Lini Fleetfoot is the other protagonist. He is a craftsman, making glass ware for the feast hall and beautiful pieces of jewellery from coloured glass, gemstones and amber. But although his crafts are high status, he, as a man who works with tools rather than weapons is considered to be of a much lower status than even a disgraced warrior. But Lini, who is very well aware of his own desires, has admired Kjartan for years and decides to seduce him. When their relationship is discovered it precipitates a cycle of violence that throws Kjartan back into peril.
I think I should mention here something that some readers might find problematical – cheating, and also m/f. Both young men are married, Lini has small children and Kjartan's son is born partway through the book. Both men have sex with their wives on page, in fact Lini has sex with Kjartan's wife too. I promise that it all makes sense in the context of the story, but I know that both these issues are sometimes deal breakers for M/M readers.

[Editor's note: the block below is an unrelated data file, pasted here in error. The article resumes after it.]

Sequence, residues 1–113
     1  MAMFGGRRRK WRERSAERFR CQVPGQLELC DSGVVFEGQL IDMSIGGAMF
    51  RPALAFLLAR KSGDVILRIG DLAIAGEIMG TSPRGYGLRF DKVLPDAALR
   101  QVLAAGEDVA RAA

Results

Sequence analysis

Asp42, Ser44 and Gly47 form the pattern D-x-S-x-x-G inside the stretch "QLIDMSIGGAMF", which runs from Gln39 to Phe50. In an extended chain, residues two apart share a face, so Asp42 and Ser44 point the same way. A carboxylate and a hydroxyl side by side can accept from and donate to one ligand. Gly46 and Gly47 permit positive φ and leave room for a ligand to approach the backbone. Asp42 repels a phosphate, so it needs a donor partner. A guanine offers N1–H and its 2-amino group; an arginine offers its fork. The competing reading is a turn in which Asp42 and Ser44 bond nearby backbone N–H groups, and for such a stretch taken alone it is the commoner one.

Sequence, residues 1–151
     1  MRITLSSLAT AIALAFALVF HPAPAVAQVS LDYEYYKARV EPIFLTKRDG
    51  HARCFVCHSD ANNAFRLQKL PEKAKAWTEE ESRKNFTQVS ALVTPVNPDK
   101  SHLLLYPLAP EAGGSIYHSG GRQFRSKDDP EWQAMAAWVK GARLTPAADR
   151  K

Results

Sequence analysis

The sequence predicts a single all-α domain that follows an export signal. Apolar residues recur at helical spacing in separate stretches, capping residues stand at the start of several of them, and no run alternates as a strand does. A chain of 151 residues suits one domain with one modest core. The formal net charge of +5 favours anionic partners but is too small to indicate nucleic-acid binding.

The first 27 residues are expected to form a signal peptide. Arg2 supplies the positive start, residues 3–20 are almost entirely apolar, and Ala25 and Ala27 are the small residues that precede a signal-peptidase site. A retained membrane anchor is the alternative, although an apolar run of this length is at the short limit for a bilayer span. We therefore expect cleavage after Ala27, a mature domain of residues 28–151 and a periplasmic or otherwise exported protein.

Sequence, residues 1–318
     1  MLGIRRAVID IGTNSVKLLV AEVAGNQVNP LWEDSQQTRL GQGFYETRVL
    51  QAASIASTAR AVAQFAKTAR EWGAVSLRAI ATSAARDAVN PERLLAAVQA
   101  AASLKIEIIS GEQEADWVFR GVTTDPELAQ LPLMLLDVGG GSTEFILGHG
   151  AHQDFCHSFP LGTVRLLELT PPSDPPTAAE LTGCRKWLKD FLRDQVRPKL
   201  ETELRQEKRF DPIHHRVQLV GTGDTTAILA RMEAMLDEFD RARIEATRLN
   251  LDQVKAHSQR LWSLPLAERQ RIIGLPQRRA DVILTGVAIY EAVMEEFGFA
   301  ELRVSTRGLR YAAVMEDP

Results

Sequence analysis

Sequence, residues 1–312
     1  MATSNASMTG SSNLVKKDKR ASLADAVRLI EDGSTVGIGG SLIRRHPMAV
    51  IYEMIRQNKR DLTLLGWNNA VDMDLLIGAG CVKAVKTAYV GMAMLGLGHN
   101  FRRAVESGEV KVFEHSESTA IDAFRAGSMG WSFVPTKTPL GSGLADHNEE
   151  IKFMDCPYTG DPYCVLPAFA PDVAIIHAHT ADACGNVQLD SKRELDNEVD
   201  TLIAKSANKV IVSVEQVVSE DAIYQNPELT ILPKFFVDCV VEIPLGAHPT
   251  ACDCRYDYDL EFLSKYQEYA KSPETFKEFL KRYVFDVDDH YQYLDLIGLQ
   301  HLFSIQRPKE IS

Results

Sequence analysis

Where the book really shone for me was as a depiction of the historical period when Dane and Saxon were doing their best to get along together in close but separate communities. Hallby the Danish settlement is within walking distance of Byrnham, a Saxon village [which I decided was probably Burnham on Crouch in Essex so I had some nice intense mental images of the swampy meadows and huge cloudy skies]. The book shows the gentler side of the Danes – ie not all rape and pillage. They are farmers, fishermen and mighty craftsmen as well as warriors.